Are the socioeconomic impacts associated with tropical cyclones in Mexico exacerbated by local vulnerability and ENSO conditions?
9 de noviembre de 2020
International Journal of Climatology |
Autores: Christian Domínguez, Alejandro Jaramillo and Palmira Cuéllar
* Ciencias Atmosféricas | Interacción Micro y Mesoescala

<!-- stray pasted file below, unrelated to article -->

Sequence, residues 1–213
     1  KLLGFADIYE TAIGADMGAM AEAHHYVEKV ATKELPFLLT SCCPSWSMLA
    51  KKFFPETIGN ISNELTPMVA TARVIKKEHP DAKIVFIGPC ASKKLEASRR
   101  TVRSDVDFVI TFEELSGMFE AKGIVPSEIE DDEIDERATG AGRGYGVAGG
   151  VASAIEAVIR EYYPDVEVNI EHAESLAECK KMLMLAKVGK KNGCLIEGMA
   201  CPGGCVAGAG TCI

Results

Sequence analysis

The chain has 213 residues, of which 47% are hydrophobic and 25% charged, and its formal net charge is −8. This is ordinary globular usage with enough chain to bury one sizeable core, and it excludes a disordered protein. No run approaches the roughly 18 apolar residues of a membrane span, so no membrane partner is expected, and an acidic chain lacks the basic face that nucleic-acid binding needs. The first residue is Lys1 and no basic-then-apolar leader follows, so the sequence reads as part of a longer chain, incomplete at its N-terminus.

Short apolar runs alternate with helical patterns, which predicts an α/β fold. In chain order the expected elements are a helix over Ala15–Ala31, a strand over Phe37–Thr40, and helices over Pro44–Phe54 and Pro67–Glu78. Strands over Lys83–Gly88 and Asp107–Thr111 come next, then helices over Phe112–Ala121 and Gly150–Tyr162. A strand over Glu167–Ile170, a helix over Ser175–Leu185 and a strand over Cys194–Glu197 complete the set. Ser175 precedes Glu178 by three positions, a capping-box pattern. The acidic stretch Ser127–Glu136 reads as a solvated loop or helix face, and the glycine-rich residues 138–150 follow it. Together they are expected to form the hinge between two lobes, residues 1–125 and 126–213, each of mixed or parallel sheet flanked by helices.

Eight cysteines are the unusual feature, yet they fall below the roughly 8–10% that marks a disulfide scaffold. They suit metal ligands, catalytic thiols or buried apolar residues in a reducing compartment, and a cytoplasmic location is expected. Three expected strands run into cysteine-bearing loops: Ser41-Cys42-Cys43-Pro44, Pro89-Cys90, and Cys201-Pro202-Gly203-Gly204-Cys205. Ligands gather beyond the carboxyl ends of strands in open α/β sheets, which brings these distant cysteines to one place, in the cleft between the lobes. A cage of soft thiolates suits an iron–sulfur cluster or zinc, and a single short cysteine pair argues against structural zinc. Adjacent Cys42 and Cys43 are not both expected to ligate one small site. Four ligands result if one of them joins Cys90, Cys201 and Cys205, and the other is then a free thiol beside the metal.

ropical Cyclones (TCs) are among the most dangerous natural hazards because they can cause severe economic losses and high mortality. Climate risk is defined as a metric that depends on social vulnerability and the occurrence of natural hazards. A social vulnerability index was constructed for this study using two metrics: the degree of local marginalization and the local social gap. The accumulated rainfall and duration of extreme precipitation associated with TC passages are examined as a natural hazard during the period 1981–2017. TC days are depicted as days when TC‐related rainfall exceeded the 95th percentile of daily precipitation from May to November, defined as summer precipitation. In this way, changes in climate risk under El Niño‐Southern Oscillation (ENSO) conditions are explored to determine regions where both social vulnerability and TC days are high. These changes are useful to find out when disasters have more chances to occur. In the present study, climate risk was found to increase more than 80% from average in southwestern Mexico during strong El Niño years. Under neutral conditions, climate risk values rise to more than 40% than average over northwestern Mexico. Under strong La Niña conditions, climate risk increases by more than 80% from average over the eastern coast of Mexico. Our approach is validated through a comparison between anomalies in climate risk and disaster costs (socioeconomic impacts). Both local vulnerability and ENSO conditions exacerbate socioeconomic impacts associated with TCs, and an analysis of linear trends in TC rainfall and TC days reveals that most of the coastal regions in Mexico have a significant rising trend in both variables. Thus, Mexico should be prepared to face more TC extreme rainfall events. Suggestions for how Mexico can meet the objectives of international risk agendas are discussed.